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509th Composite Group


Col. Paul W. Tibbets, Jr., pilot of the Enola Gay, August 6, 1945
  "Col. Paul W. Tibbets, Jr., pilot of the ENOLA GAY, the plane that dropped the atomic bomb on Hiroshima, waves from his cockpit before the takeoff, 6 August 1945.". (NWDNS-208-LU-13H-5)

Scientists of the Manhattan Project had been working feverishly throughout the war to develop the atomic bomb before the Germans did. The new weapon was first tested on the ground in the deserts of New Mexico. No one knew if this bomb could be dropped from aircraft without endangering the lives of the crew.

The unit selected for this dangerous mission was the 509th Composite Group commanded by Col. Paul W. Tibbets, Jr. Colonel Tibbets, shown here in his aircraft, flew the first atomic bomb mission to Hiroshima on August 6, 1945. Records show that the aircraft was named in honor of his mother, Enola Gay Tibbets. For this mission, Tibbets was awarded the Distinguished Service Cross.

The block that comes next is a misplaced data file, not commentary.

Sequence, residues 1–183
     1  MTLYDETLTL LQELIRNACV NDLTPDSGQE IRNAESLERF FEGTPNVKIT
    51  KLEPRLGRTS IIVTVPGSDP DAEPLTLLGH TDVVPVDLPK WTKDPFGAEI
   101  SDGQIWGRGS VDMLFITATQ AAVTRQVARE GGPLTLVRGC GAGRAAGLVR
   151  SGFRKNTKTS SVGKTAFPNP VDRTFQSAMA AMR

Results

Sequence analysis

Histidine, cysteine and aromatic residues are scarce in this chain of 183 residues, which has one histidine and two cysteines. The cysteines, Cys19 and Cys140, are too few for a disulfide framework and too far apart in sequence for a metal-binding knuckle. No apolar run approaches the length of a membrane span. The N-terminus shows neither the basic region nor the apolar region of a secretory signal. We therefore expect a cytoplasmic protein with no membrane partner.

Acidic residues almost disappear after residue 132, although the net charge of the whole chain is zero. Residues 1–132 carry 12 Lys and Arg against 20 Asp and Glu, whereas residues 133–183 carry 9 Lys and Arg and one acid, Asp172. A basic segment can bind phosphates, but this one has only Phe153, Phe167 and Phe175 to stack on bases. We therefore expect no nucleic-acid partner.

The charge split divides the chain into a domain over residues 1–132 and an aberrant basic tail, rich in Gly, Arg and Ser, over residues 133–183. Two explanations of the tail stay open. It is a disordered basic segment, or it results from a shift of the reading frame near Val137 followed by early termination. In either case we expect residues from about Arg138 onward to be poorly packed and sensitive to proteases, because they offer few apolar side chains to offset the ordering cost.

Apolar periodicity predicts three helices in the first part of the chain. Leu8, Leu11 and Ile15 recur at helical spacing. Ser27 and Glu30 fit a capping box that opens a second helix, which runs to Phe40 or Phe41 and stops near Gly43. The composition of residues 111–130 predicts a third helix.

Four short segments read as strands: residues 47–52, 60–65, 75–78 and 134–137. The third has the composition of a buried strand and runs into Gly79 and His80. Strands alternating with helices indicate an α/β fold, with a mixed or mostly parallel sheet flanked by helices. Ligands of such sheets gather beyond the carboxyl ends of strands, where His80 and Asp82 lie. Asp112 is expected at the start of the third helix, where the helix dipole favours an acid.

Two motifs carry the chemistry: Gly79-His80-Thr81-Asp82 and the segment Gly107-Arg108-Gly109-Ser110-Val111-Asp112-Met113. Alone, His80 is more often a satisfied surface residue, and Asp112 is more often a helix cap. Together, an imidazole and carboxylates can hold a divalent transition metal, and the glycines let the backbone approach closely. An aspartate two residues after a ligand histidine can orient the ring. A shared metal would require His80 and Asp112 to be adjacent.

Atomic cloud rises over JapanOne of the men instrumental in the development of the bomb, Navy Capt. William S. Parsons, flew along on the mission in order to arm the bomb away from friendly territory and avoid endangering American lives. The bombing mission was a success, and a second atomic bomb was dropped on Nagasaki on August 9, 1945. Within a week, Japan sued for peace. Captain Parsons was awarded the Silver Star.

The Japanese government announced their willingness to surrender within a week of the dropping of the two atomic bombs. A now faded message notified Gen. Douglas MacArthur of the Japanese capitulation as well as his appointment as Supreme Commander Allied Powers.